NIGERIA’s presidents since the return of democracy in 1999 have tended to model themselves as chief salesmen of the nation.
Former President Olusegun Obasanjo and his incumbent counterpart, Muhammadu Buhari, justified their numerous foreign trips on the need to secure credit, debt relief, foreign investors and arms to tackle our security challenges.
Many Nigerians believe that these elaborate presidential junkets are unnecessary and wasteful. They assert that all the country needs to achieve the same objectives, and possibly more, is for our leaders to stay at home and do the right things.
Once investors see we are doing the right things they will come. Investors are always hunting for fertile grounds for their investments, which Nigeria can be if the right things are done.
A number of Chinese experts came to Abuja to tell us to our face, some of the factors hindering the influx of Chinese investors to the Nigerian economy. At an event organised by the Centre for Chinese Studies, Abuja on November 2, 2019, with the theme: “Dialogue on China’s Governance Experience and the Opportunities of the Nigeria-China Cooperation”, a Chinese university teacher, Luo Jianbo, said: “China investors have worries about Nigeria and Africa over instability, terrorism and policy inconsistency, sometimes due to change of government”.
Perhaps out of courtesy, he refrained from naming the biggest monsters – corruption and ethno-religious considerations in making crucial developmental decisions. Jianbo also pointed out: “Nigeria must first build national solidarity to foster national consensus to create a new identity for Nigerians. Nigeria must get rid of rancorous and vicious political competition. Nigeria needs a benign and orderly competition and not vicious competition. It must promote unity and create a relationship between freedom and order”.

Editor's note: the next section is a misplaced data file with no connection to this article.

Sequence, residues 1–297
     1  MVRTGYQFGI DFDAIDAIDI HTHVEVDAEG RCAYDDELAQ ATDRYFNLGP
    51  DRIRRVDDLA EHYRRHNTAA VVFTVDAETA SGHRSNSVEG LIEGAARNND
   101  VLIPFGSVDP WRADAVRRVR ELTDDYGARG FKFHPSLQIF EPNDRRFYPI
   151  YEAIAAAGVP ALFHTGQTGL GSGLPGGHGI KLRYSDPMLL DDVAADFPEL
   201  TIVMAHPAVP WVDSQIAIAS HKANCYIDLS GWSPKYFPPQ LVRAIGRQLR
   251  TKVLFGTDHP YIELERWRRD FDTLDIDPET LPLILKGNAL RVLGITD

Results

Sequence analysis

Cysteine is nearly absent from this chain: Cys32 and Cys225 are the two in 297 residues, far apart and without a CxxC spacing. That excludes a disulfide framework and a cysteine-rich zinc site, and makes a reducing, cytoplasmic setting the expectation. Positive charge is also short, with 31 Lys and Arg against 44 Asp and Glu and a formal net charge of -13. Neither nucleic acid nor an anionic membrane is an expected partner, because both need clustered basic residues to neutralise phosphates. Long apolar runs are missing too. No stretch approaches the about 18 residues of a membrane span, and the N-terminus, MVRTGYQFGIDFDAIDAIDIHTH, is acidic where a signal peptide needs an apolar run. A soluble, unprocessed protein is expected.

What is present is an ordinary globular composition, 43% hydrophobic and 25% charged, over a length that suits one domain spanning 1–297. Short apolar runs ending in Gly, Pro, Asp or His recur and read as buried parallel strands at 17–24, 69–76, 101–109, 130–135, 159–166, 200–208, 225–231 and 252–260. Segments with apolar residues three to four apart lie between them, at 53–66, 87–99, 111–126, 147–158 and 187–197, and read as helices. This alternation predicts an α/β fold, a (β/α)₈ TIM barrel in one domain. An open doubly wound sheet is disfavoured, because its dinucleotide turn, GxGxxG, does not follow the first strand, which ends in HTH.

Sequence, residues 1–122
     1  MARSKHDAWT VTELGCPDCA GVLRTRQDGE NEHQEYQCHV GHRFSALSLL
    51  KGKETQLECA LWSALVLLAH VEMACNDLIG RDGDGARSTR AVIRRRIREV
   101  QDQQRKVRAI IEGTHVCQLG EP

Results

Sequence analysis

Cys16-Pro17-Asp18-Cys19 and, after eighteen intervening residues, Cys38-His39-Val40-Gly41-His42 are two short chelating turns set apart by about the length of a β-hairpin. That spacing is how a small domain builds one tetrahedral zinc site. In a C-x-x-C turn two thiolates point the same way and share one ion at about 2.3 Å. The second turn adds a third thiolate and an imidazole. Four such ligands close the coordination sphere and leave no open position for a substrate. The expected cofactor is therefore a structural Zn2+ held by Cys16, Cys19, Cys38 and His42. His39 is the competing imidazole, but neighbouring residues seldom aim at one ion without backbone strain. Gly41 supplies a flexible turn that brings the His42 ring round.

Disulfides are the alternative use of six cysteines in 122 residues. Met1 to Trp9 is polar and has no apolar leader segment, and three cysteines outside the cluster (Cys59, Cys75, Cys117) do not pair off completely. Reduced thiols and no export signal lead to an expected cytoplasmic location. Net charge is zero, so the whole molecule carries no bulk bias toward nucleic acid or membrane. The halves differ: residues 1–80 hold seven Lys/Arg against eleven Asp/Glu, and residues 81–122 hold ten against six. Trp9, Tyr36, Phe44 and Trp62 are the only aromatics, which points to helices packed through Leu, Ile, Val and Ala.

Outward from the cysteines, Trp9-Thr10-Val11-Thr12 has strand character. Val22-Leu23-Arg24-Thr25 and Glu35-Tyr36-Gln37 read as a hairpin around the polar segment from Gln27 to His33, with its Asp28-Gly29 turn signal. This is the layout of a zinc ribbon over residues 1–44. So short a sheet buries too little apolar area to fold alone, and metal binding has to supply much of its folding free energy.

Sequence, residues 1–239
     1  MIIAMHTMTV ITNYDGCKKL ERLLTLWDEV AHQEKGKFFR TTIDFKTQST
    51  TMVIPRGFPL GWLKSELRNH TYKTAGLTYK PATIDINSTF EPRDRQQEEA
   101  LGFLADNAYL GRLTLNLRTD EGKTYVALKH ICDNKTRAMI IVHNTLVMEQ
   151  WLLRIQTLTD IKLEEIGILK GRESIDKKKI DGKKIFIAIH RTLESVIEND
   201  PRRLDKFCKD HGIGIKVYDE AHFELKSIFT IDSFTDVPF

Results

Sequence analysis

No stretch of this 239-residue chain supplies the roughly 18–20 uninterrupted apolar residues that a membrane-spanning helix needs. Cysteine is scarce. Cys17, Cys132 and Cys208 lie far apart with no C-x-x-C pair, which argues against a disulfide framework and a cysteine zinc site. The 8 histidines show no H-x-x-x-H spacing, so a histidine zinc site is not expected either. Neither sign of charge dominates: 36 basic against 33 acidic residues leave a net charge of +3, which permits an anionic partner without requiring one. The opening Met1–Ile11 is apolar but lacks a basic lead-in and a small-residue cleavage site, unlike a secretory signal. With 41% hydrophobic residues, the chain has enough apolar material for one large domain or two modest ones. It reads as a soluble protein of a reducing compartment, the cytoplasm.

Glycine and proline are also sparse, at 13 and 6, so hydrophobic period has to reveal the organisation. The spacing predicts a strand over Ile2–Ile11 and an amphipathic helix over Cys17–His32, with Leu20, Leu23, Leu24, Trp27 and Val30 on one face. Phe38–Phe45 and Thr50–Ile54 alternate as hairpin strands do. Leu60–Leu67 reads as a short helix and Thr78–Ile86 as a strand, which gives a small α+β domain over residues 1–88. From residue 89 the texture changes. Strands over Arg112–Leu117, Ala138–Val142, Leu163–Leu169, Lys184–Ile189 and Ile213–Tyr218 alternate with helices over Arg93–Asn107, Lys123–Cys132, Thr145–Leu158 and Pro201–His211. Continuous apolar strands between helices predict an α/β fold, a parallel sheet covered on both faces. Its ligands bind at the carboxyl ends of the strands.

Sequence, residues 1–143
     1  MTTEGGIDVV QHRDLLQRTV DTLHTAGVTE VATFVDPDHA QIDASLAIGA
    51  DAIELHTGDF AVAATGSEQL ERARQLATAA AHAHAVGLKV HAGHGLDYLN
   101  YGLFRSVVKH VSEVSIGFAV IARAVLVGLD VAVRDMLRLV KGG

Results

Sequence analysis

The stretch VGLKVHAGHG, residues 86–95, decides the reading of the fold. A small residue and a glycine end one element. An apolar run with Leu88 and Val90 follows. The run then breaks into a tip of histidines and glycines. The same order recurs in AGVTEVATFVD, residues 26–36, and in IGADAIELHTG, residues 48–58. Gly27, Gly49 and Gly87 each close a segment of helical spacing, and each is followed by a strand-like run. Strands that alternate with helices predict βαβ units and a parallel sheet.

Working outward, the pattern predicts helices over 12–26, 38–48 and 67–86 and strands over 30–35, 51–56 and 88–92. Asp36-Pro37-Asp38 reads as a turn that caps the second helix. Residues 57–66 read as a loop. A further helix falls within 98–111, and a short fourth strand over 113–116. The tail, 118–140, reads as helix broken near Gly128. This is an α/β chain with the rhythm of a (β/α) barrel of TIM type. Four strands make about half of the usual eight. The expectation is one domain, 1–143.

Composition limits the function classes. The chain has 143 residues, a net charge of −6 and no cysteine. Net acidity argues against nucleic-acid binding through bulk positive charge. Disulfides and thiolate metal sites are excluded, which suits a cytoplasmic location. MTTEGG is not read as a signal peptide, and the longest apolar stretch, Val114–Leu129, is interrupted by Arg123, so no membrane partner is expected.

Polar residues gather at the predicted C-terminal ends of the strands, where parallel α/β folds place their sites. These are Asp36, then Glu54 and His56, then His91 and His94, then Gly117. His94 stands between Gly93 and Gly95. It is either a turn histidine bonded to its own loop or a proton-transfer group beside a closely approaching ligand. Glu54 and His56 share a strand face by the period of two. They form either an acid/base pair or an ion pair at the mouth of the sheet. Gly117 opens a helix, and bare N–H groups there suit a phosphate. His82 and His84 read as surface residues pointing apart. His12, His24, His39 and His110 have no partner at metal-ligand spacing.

This says it all. It is not just foreign investors that our chaotic and corrupt system keeps at bay, it is also responsible for our inability to unlock our uncommon endowments and potentials which are so obvious and yet so out of our reach.
Nigeria has held numerous confabs and constitutional talks even before independence. Between 1960 when we secured our independence from colonial Britain and 2014 we held, at least, seven constitutional conferences, wrote five constitutions (1963, 1979, 1989, 1996 and 1999) and experienced many coups, all in the search for the elusive national consensus, solidarity and common national vision.
Today, the national questions of who is a Nigerian, and what is the basis for our unity have remained unanswered.
Every effort to get the correct answer (including the drive for restructuring) is firmly thwarted by those who feel that the current chaotic order which favours their sectional interest must be sustained.
Today, some foreigners are made to feel more Nigerian than indigenous Nigerians.
As long as this situation persists Nigeria will remain poor, backward, destitute, unstable and violence-prone.